Time: 11:30AM – 3:30PM
Location: Eleven Mile Canyon
The flows on the South Platte River in Eleven Mile Canyon hovered in the 75 cfs range, and I was eager to make another trip to one of my favorite Colorado fishing destinations. The weather forecast anticipated high temperatures in the upper seventies in Denver, and this translated to a pleasant day in Eleven Mile Canyon. Jane’s calendar was open, so she agreed to join me on the two plus hour drive. The only negative was a gradually expanding sore throat that was draining my energy.
We arrived at a parking space along the river at 11AM, and I quickly prepared for a day of fishing with my Sage four weight rod. I chose to begin my fishing adventure in the downstream portion of the canyon, since it was readily apparent that Friday was a popular day on the South Platte River for Colorado fly fishermen. In other words many pullouts were already occupied, and that condition would only worsen, as one proceeded toward the special regulation water and the dam. For several years now I harbored a contrarian belief that labeling a section of water special regulation actually attracts more crowds and improves the fishing in the water open to bait fishermen by reducing the pressure in the water open to all types of fishing. On Friday I planned to test my theory.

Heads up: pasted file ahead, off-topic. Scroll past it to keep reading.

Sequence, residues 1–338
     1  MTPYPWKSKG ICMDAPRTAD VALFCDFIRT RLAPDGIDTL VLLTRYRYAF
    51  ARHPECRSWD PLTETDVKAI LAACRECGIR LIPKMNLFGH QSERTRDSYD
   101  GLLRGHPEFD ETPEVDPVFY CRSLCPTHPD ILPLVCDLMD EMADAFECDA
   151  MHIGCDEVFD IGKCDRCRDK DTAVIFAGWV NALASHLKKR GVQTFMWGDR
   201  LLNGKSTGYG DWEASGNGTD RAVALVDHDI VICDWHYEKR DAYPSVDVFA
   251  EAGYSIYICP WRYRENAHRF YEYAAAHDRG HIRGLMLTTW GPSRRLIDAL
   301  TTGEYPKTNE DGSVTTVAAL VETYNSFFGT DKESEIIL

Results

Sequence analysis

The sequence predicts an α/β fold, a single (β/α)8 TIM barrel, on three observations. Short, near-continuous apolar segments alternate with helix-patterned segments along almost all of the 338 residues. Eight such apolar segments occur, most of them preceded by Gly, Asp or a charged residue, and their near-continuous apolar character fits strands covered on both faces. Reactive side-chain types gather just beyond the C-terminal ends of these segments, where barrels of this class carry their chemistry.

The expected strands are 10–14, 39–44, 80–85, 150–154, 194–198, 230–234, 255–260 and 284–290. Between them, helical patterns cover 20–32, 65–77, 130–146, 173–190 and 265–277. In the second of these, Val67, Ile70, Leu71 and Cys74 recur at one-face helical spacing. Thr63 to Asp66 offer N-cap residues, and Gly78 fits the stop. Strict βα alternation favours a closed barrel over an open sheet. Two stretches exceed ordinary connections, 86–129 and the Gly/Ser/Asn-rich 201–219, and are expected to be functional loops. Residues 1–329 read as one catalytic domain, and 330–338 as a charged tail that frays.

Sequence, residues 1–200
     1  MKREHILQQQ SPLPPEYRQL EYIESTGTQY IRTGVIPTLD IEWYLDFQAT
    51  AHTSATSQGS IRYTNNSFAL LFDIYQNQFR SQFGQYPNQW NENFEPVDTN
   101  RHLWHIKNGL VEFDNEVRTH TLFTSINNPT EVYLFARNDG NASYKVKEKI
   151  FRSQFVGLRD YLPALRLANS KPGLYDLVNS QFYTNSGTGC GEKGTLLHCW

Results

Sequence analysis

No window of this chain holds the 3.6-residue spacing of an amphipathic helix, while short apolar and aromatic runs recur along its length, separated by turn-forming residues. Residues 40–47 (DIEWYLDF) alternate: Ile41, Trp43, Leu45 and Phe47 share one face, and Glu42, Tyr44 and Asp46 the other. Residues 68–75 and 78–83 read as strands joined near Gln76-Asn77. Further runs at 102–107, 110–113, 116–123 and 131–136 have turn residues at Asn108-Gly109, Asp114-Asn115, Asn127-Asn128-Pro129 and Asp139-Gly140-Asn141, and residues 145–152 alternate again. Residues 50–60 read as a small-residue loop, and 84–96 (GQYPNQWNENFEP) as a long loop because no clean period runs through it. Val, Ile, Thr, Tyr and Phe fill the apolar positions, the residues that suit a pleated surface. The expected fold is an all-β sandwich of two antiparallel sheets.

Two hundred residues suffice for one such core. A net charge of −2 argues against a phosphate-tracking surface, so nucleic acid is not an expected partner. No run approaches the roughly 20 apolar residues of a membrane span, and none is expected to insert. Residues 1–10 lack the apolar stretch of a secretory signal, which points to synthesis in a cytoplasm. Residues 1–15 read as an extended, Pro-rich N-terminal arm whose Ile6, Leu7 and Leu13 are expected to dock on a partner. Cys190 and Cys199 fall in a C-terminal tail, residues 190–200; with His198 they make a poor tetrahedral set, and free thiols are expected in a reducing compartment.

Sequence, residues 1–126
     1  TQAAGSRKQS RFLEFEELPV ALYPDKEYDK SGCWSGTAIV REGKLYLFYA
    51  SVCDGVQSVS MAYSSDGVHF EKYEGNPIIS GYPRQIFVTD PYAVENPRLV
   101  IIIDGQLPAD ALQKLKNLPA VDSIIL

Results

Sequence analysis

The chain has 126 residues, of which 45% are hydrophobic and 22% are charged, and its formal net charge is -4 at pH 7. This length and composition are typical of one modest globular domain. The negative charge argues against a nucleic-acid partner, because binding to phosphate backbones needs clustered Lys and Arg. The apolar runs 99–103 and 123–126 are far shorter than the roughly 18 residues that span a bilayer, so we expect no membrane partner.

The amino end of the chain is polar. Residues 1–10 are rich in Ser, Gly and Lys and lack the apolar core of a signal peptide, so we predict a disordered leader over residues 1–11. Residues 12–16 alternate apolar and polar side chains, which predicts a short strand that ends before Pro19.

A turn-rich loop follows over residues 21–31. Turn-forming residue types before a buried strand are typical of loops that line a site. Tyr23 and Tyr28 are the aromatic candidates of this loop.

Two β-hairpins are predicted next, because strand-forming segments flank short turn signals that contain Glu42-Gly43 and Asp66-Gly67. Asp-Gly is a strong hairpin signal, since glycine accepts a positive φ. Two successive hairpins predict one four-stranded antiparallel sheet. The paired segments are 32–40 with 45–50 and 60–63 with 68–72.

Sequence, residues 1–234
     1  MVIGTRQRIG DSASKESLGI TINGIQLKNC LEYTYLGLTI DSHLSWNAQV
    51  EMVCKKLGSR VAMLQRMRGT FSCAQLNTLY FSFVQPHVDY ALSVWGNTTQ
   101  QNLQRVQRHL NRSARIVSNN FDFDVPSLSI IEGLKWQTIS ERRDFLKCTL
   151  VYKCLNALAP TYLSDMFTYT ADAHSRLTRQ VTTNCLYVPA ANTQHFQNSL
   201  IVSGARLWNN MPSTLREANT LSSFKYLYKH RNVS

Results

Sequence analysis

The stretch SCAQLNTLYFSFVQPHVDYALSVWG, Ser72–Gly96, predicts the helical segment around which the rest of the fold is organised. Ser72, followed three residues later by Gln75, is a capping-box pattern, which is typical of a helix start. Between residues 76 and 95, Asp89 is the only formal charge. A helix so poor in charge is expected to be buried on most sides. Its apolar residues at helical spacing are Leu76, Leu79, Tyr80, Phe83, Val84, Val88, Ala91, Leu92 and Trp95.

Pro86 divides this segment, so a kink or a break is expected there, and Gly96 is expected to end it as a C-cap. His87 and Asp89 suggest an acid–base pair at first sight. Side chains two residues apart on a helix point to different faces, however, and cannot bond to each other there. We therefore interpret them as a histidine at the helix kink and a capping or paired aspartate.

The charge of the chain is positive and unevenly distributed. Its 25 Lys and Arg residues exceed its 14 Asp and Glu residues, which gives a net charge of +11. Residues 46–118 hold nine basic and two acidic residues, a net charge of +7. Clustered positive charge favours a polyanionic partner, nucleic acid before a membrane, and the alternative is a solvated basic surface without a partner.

Friday in Eleven Mile Canyon did in fact prove to be a very pleasant day with temperatures climbing into the upper sixties. In addition the river tumbled along at 75 cfs, and it was extremely clear. The price for these nearly ideal conditions, of course, was the hordes of fishermen who were lured to the South Platte. While I busied myself preparing to fish, Jane embarked on a short hike to investigate the area upstream. Later in the afternoon she completed a bike ride to the dam and back, and she confirmed that heavy crowds were present in the special regulation section.
I began my quest for trout with a yellow fat Albert, beadhead hares ear, and salvation nymph, and initially I covered some relatively shallow runs and riffles near the car. I spooked three of four fish before I climbed back up on the bank and circled around a slow moving pool. When I approached the river once again, I paused and observed quite a few fish in the pool, and I made some drifts with the dry/dropper combination to no avail.
Next I moved to the top of the pool, where faster water spilled over some rocks and then curled around an exposed boulder. Here I could see additional medium sized trout holding in the deep trough below the drop off. My flies were being ignored, and I spotted a solitary rise, so I removed the salvation and replaced it with a RS2. This did the trick, and I landed a twelve inch brown trout just below the exposed boulder, and then in the faster water that sluiced between some rocks at the head of the pool, the fat Albert dipped, and I connected with a fine thirteen inch rainbow and managed to guide it into my net. This beauty also inhaled the RS2.